Selma Blair, facing "The Big Empty" Dave Eggers is a consistently bad writer, who nevertheless has not only achieved popularity with his bad writing but put at least some of the profits from that to often interesting, frequently beneficial ends. His projects to further literacy and provide interesting activities for bright kids in the SF Bay area and elsewhere are highly laudable; his magazine McSweeney's is not consistently good (a bad writer is not likely to be a reliable editor) though at times very good indeed (certainly the guest-edited Michael Chabon issues have been impressive); his Houghton Mifflin annual (apparently assembled with kids from his project), The Best American Nonrequired Reading, is consistently engaging enough, even if it can't quite make up for the quick disappearance of the Beacon Best annual (not that it was trying to, but it did appear shortly after that other fine project published its second and last volume). A launch off to the side of McSweeney's has been the video magazine Wholphin, the initial issue of which was offered wrapped up with the then-current issues of the literary magazine. That first issue was also an interestingly mixed bag, though the charmingly loopy "The Big Empty" with Selma Blair, an adaptation of Alison Smith's "The Specialist," a short story published in McSweeney's #11, and Miranda July's "Are You the Favorite Person of Anybody?" were for me the most memorable segments, with many of the others, particularly Patton Oswalt's brief bit of comic performance art with David Byrne, being at least pleasant and interesting enough. They have gone on to produce a number of issues since, as one of the more in-hand sources of short-film aggregation one can find of opposed to, say, My Damn Channel or Funny or Die...or the various short-film showcases on PBS and independent public stations, and IFC and Sundance, too many of which seem to be slipping away...does anyone else remember the PBS weekly series, The International Festival of Animation, nimbly hosted by Jean Marsh?

Friday, February 18, 2011

FFB: FFSS: Stories Which Helped Shape My Thinking; FFM: Further Along with 4 Fantasy Magazines from 1952-54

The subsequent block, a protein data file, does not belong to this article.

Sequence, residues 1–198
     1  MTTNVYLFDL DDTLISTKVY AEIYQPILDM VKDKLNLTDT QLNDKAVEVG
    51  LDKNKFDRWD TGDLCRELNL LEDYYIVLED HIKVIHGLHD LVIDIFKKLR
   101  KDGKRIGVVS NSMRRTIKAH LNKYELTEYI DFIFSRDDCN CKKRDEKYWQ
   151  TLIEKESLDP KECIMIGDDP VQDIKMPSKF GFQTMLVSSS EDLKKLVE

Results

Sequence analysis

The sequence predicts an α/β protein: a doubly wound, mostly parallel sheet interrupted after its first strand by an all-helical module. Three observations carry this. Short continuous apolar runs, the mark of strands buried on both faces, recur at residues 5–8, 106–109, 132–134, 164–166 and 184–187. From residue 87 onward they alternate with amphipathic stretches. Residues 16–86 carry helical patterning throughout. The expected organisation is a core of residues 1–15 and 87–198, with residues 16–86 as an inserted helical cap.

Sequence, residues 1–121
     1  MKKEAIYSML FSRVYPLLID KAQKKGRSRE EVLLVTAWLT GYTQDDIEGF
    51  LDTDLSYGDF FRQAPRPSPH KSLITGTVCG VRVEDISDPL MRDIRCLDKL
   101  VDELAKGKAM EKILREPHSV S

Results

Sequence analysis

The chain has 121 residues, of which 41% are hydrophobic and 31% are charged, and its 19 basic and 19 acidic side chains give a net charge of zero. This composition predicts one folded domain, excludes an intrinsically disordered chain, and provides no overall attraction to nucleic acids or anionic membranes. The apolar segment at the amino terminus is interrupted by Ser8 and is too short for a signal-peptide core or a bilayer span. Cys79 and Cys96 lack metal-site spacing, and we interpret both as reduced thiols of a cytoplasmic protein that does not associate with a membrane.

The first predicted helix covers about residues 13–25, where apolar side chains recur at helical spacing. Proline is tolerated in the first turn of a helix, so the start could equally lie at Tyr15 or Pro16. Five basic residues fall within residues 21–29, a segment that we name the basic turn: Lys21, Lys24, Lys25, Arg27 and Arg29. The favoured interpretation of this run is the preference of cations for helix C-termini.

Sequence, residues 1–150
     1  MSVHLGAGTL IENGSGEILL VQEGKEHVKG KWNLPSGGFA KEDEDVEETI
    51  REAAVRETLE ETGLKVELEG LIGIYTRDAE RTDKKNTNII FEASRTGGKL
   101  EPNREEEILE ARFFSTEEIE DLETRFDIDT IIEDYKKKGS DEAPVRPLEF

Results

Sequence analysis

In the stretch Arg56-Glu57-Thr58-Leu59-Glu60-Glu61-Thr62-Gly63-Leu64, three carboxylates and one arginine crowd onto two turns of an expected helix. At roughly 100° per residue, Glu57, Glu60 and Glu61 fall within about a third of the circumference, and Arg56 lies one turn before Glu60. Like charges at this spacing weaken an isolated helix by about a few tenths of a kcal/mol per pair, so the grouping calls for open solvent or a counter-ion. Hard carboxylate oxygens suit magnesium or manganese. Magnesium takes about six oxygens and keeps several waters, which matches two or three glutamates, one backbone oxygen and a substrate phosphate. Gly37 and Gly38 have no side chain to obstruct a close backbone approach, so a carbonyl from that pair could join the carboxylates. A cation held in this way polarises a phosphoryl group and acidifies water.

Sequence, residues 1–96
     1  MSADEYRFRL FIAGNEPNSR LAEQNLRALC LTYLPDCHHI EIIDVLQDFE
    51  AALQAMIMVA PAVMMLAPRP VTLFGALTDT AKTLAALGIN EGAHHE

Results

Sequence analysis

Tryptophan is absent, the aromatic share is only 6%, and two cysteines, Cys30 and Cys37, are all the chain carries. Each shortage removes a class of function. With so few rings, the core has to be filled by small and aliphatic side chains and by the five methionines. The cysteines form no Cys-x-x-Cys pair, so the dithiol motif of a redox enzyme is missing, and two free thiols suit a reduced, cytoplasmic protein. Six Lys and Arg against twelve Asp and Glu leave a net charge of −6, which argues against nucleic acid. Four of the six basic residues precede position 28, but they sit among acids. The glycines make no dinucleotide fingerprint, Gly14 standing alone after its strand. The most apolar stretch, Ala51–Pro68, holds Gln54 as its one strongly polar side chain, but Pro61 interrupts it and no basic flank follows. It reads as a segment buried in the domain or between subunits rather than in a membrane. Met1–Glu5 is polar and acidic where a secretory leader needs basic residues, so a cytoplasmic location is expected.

I thought I'd name five short stories which helped shape my worldview (unsurprisingly, they tend to be encountered when one is young), but came up with far more, of course, albeit I could cut it down to a Tight Five: 

"The Second Coming" by Joe Gores...I've mentioned elsewhere, including in my obituary/book review here recently, how much this story, about a pair of goofy young men who think they've scored a great opportunity for a macabre lark by managing to qualify as witnesses to a legal execution at a penitentiary, got me to thinking as a kid about all the reasons I opposed the death penalty. I've not been persuaded that there's a good argument for it since. 

"Pacifist" by Mack Reynolds...similarly, this story, about an operative who is engaged in an attempt to use violent means in a very "retail" manner to ensure the larger peace, is one of the several thoughtful, key stories contributed by Reynolds, the son of Verne Reynolds, once the presidential candidate of the very doctrinaire US Marxist organization the Socialist Labor Party (Daniel De Leon, the party's founder, denounced Marx himself for the latter's own deviations; the SLP is the oldest of the US's leftist parties, albeit it's never been large). A wry, satirical (but not bluntly so) story that is perhaps part of why I found the recent film Wanted so dire, as the latter is an empty-headed, pseudo-mystical and machismic attempt to deal with similar matters. 

"The Genius" by Donald Barthelme...a very funny story about the quotidian details in the life of a man recognized for his mental prowess, and his attempts to do something worthwhile beyond what he's already achieved. One incident: his successful call for a conclave of geniuses unfortunately results, inevitably, in hundreds of geniuses in one experience which on several levels depresses him. It was a helpful suggestion that being, shall we put it as very bright, would not solve every problem one would face, and that was not in and of itself a failing.